As a startup you’re meant to grow rapidly, and that means you might find yourself needing different skills in six months than you do right now. By borrowing from outside, you’ll have access to expertise as you need it rather than relying on your in-house team to respond to every new challenge. Startups need to scale and contract quickly in response to the market, and external resources allow you to do that much better than training from within or hiring more full-time employees.
At Thought&Function, we offer mixed resources with that in mind. With five experts in their field on hand, we can adapt the support we offer based on where you’re at. If you need more project management one month and tech the next, we can provide that flexibility.
Bypass the process and buy a solution.
Alternatively, you might be able to find a ready-made solution to your MVP’s tech needs. These come in many forms. It might mean paying for an off-the-shelf service like Shopify, using free open source code, or buying a “white labelled” solution you can rebrand as your own. They all give you a starting point that’s already been developed, so you don’t have to build everything from scratch.
Using a ready-to-go solution can give you a lot of certainty, as you’re using software that’s already proven to work and has its own support, security and maintenance in place. It will also cost less up front and take less time to go to market, so you can test your assumptions and business model earlier.
You’re taking a gamble here though. Depending on the platform, you usually will not have granular control or ownership of the underlying code to customise it, which may restrict you going forward. You’ll also be completely dependent on the service — if it goes down, so does your product.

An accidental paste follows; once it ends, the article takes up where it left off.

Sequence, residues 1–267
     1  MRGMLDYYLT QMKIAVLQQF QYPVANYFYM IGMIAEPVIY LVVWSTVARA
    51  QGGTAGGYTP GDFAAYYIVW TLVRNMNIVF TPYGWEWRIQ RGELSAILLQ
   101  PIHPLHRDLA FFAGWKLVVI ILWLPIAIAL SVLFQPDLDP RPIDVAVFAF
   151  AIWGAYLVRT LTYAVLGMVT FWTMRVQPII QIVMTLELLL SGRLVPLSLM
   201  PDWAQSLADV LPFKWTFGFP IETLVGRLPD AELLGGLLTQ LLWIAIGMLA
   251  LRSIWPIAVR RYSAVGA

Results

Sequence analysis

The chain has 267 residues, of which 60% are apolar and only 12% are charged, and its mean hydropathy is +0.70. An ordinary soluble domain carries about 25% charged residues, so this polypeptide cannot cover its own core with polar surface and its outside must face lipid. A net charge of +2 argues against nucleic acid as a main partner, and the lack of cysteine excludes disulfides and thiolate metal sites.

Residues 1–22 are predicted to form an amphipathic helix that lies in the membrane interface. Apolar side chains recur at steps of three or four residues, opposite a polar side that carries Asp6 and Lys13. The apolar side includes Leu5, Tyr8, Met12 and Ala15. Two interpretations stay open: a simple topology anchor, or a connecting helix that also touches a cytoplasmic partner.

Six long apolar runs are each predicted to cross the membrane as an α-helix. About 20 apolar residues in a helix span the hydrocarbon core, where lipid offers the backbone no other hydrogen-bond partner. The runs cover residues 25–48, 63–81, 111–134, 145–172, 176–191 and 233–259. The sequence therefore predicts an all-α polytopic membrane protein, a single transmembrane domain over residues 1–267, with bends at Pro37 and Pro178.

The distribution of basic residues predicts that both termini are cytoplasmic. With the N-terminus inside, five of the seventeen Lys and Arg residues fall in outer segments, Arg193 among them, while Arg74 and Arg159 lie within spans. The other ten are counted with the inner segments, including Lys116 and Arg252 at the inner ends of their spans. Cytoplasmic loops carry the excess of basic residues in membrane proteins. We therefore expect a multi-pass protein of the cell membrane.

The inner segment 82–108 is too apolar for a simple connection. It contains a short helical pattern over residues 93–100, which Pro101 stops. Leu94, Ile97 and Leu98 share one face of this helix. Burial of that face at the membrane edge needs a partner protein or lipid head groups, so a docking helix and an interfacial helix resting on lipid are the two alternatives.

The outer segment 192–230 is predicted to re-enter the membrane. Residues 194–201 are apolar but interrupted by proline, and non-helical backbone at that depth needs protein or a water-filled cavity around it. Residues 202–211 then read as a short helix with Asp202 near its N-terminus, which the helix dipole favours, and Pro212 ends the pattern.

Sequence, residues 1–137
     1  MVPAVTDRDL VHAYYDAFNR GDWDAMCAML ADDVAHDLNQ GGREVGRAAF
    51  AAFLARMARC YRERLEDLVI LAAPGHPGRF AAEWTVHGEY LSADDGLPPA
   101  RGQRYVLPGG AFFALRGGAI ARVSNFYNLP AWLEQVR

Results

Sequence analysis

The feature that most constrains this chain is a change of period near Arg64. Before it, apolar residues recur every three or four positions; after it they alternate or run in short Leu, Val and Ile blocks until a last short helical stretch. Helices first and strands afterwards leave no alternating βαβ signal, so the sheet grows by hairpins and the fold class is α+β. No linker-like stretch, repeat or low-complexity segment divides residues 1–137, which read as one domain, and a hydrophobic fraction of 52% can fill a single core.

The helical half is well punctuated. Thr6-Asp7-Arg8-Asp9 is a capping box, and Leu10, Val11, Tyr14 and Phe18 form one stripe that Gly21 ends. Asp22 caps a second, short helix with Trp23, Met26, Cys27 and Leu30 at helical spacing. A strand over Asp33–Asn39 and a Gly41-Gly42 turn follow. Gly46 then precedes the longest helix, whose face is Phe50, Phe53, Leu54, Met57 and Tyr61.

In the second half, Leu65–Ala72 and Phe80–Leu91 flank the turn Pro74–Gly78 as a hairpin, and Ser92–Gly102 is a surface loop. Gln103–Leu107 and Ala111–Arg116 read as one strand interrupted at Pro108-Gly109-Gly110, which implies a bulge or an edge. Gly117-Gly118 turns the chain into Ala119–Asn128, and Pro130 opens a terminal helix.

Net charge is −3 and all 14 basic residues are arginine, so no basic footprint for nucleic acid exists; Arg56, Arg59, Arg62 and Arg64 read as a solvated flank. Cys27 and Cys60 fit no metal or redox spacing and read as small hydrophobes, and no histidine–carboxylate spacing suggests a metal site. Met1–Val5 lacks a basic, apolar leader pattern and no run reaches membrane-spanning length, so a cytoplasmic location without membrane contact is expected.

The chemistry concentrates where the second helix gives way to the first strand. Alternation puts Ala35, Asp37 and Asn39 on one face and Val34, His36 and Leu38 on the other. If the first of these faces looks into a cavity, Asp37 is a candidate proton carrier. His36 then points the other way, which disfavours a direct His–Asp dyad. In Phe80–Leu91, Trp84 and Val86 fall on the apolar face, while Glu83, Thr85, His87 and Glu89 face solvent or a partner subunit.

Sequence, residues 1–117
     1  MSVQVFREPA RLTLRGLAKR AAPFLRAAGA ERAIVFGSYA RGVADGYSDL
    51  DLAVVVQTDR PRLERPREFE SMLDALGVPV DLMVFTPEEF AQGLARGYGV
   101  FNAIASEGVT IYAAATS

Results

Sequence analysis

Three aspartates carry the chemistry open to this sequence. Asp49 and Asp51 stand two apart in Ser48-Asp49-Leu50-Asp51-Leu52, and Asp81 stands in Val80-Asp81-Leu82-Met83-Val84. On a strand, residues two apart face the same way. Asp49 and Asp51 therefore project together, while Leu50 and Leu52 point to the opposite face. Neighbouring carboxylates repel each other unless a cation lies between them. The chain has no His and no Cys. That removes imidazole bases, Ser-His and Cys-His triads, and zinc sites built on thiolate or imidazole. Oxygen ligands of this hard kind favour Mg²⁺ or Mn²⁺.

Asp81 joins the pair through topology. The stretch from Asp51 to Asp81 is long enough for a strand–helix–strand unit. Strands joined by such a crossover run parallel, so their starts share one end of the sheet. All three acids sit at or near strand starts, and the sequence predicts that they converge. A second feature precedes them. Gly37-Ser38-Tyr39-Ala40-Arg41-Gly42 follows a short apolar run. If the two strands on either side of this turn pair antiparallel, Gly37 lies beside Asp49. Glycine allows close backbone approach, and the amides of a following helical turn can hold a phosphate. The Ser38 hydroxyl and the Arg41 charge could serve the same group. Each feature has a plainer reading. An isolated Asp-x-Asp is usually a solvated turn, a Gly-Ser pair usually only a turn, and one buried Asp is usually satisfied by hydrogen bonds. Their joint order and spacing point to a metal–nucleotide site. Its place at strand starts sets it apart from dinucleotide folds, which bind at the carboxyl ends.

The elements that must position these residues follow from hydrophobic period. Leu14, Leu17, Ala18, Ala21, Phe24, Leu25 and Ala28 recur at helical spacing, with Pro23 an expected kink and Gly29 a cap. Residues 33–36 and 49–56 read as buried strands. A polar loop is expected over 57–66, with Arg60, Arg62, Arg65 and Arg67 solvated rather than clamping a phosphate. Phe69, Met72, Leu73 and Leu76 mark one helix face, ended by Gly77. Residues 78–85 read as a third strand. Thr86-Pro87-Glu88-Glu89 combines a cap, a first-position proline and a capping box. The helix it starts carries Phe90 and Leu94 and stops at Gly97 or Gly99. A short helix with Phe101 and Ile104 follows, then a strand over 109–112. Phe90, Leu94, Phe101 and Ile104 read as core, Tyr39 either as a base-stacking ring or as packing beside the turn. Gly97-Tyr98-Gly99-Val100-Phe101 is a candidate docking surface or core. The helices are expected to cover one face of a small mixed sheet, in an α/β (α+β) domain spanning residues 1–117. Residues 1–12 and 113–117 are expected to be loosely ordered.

Also, while buying an off-the-shelf solution might be cheaper initially, many will come with ongoing costs like subscription fees and commissions taken on sales. Make sure you factor in how much those will build up in the long run before making your decision.
Hold up a minute. What about hiring a technical lead?
Ultimately, whether you choose to build in-house or draw from outside, there’s one person you’ll always need on your team, and that’s a technical co-founder. If you’re not technically-minded your product can become a bit of a black box, so you need someone with the right expertise to navigate the tech and look after your developers.
The ideal technical co-founder will be someone who’s aligned with your goals and values, and who’s going to be incentivised to keep bringing value to your company long term. But most importantly, they also need to be someone who can grow with the business — someone who has the technical skills at the start, and can lead your tech department in the future.
James Zhao began his career as a software engineer. Four years ago he co-founded Thought&Function where he brings commercial and product expertise together – along with an understanding of the start-up process – to give start-up founders the start they need: advising on strategy, handling marketing and sales, all while still dabbling in the build process.